I'm honestly not sure who originally came up with this quote, but it's one of my favorites. It has helped not to get so angry when certain things happen; even if intentional. I use it as a mantra of some sort to keep me from going Incredible Hulk on someone for doing something malicious. Why am I saying this? Because while not being credited or featured in a publication for a styled shoot that you participated in isn't the end of the world, it still matters because time was spent and that's something one can't get back. It does hurt when you see everyone else featured and you're not there; especially when it's video and you've spent hours editing. I can speak on this because I am a wedding photographer and a cinematographer. I also shot a wedding before where everyone on the wedding team was credited and hyperlinked except for me. To date I will never know if this was done intentionally or not, but it taught more than enough in that moment about crediting and time. Here are some common mistakes or disheartening drawbacks that videographers deal with when it comes to styled-shoots. While I can't speak for every publication platform, I can share some solutions that videographers, photographers, or whomever submits the styled shoot can take to help showcase and credit videographers that participate in styled-shoots.: Solution #1. (Videographers) Leverage the Published Piece: Post the video you created on your platforms, credit the other vendors involved, and hyperlink your audience to view the publication that didn't feature your video. Yes, do it! I know you're not listed, but do it anyway. Solution #2. (Videographers) Repurpose Your Leverage Post: Repost the video a month later. Remember, people who saw the original post may not see the new post. New eyes hit your content everyday, so show your work. Keep pushing it so that people can see your video. Solution #3. (Videographers) Reach Out to the Photographer: Styled-shoots are suppose to be mutually beneficial. Contact the photographer or the person that submitted the video and ask if they can update the vendor credits and have the video added as you were not featured. If the video can not be featured, at the very least ask to have your company listed and linked.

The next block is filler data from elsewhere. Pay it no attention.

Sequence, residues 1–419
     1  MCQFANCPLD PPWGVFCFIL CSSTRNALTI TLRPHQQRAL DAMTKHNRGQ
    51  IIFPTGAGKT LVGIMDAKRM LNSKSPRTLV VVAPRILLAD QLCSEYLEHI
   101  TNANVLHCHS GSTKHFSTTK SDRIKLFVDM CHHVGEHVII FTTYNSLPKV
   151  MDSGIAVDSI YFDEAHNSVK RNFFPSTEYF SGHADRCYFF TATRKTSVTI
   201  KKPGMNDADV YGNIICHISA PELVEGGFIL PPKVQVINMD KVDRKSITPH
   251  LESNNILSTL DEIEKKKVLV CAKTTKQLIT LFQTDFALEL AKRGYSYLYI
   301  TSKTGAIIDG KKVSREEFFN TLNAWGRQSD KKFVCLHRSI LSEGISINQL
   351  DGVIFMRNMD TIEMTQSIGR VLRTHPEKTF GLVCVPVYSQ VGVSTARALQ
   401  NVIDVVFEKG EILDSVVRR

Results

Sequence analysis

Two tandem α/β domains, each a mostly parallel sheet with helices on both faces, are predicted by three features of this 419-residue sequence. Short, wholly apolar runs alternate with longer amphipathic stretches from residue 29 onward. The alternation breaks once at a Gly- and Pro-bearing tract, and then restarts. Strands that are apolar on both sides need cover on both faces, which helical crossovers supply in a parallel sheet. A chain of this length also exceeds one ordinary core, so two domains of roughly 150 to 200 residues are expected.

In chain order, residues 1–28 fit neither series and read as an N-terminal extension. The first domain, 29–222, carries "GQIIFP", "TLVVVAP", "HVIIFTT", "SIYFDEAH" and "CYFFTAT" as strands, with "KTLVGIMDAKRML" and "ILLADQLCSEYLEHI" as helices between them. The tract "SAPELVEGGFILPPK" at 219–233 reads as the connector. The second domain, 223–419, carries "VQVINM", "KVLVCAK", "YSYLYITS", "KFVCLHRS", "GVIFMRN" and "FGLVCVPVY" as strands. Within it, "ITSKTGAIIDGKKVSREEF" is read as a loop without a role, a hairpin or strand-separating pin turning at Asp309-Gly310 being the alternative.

*Still-Shot from Shipwrecked Styled Shoot | Videography by : Unashamed Imaging Solution #4. (Videographers) Blog It: Blog the styled shoot on your website, add elements of #1 on this list to that blog piece and then push your blog post in between repurposing the original post you made about being published. Solution #5. (Videographers) Keep It Simple: Create a version of the video for the other members of the styled-shoot team that they can post on their social media channels. If they are blogging about it then link them to your original video via Vimeo or Youtube. Kindly share how they can embed this video into their blog post that they've written for the styled shoot. Solution #6. (Videographers) Sharing is Caring: Have the members of the styled shoot share your Facebook post featuring the video on their respective Facebook pages (personal or business). This will bring viewers back to your content-- your video.
Solution #7. Reach Out to the Publication: It is always best to have the person that submitted the styled shoot reach out to the Publication about not crediting the videographer first. Be prepared with the video link or file (whichever they'll need), and any information needed to credit the videographer. Explain to the publication that this person was a valid participant. At the very least, if the publication doesn't showcase video, simply ask them to link the videographer's website as a hyperlink in the Vendor Team listing. "...I took the time to do that."
*Still-Shot from Shipwrecked Styled Shoot | Videography by : Unashamed Imaging Solution #8. Create a Ghost Page or Hyperlink: